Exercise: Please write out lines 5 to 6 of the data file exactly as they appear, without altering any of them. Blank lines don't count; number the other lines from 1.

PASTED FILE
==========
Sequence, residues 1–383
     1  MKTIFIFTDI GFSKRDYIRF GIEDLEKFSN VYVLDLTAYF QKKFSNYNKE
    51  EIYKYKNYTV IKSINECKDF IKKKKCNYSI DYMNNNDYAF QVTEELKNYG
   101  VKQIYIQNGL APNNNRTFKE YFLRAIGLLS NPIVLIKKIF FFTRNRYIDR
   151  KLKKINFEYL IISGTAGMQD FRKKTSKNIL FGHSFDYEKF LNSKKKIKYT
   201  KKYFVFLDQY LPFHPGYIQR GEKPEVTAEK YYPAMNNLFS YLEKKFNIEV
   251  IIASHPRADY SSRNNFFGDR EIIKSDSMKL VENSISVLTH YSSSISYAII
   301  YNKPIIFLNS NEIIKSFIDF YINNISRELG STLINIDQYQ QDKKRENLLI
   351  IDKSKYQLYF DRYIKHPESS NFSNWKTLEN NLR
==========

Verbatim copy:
   151  KLKKINFEYL IISGTAGMQD FRKKTSKNIL FGHSFDYEKF LNSKKKIKYT
   201  KKYFVFLDQY LPFHPGYIQR GEKPEVTAEK YYPAMNNLFS YLEKKFNIEV